In its bid to acquire Boise-based Albertsons Companies, Kroger said it would invest $500 million in lower prices for shoppers. Kroger CEO Rodney McMullen repeated the talking point several times during a hearing in front of a US Senate panel this week.
Under questioning, McMullen said the investment would roll out over a period of four years – which works out to $125 million per year, on average.
What does it really mean?
Taking those data points and adding a bit more – with a layer of math, shows the impact of that half-billion investment.
According to data from Placer.ai, Kroger’s stores see 160 million visitors across its 2,726 stores each week. Albertsons stores net a total of 109 million visits to its 2,253 stores. That means the two chains combined see an average of 54,026 visitors per store per week.
Kroger and Albertsons said that as part of the transaction, they might spin off up to 375 stores in a newly-formed SpinCo. That would leave the combined retailer with 4,604 stores. If each remaining store has 54,026 visits per week, that’s 248.7 million shopper trips per week — a lot!
Now, take the $125-million yearly figure and divide by 52 weeks. That’s a total of $2.4 million in price reductions per week, on average.
When you divide $2.4 million weekly savings by the 248.7 million weekly shopping trips, it shows the true impact to consumers of the investment.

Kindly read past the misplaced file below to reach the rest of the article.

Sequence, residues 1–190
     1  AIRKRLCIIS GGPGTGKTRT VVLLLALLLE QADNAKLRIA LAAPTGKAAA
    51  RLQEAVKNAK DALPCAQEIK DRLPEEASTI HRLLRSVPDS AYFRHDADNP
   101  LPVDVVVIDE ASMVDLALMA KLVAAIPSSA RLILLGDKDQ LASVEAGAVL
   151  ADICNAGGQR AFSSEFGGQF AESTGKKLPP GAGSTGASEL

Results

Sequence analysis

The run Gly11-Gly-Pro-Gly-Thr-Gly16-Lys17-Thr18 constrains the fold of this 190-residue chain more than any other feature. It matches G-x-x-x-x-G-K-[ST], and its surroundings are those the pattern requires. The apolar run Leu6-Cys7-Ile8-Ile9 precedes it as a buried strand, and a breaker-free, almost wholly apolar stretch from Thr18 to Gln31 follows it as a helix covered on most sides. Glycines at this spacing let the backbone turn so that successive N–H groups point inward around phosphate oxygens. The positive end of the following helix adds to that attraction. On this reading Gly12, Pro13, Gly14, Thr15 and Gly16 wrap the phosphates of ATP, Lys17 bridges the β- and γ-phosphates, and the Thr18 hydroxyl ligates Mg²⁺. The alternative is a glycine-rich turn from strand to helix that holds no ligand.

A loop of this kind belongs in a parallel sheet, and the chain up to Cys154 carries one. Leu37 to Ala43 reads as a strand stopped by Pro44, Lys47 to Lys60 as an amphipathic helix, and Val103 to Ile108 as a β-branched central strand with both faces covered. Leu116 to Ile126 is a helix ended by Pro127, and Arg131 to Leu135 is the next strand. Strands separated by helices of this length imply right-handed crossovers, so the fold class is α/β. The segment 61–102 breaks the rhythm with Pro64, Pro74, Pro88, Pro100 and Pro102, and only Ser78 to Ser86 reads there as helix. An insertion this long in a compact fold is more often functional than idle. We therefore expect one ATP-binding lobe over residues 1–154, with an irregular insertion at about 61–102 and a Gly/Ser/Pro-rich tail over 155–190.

The average shopping trip would save $0.0096 cents. That’s just less than a penny per shopping trip.
$500 million Total investment / 4 Number of years of investment = $125 million Investment per year / 52 Weeks in a year = $2.4 million Investment per week / 248.7 million Average shopping trips per week
(Kroger & Albertsons combined, minus 375 SpinCo stores)
= $0.00966 Average savings per average shopping trip
We reached out to Kroger to clarify if the $500 million would go just to the current Albertsons-owned stores, or all the combined locations. A spokesperson did not respond by the deadline for this story.
If the money only went toward the acquired stores (subtracting the 375 or so that would go to the new SpinCo), that wouldn’t make a big change to the math. The average trip to those 1,878 acquired stores would see a savings of about 2.6 cents per trip.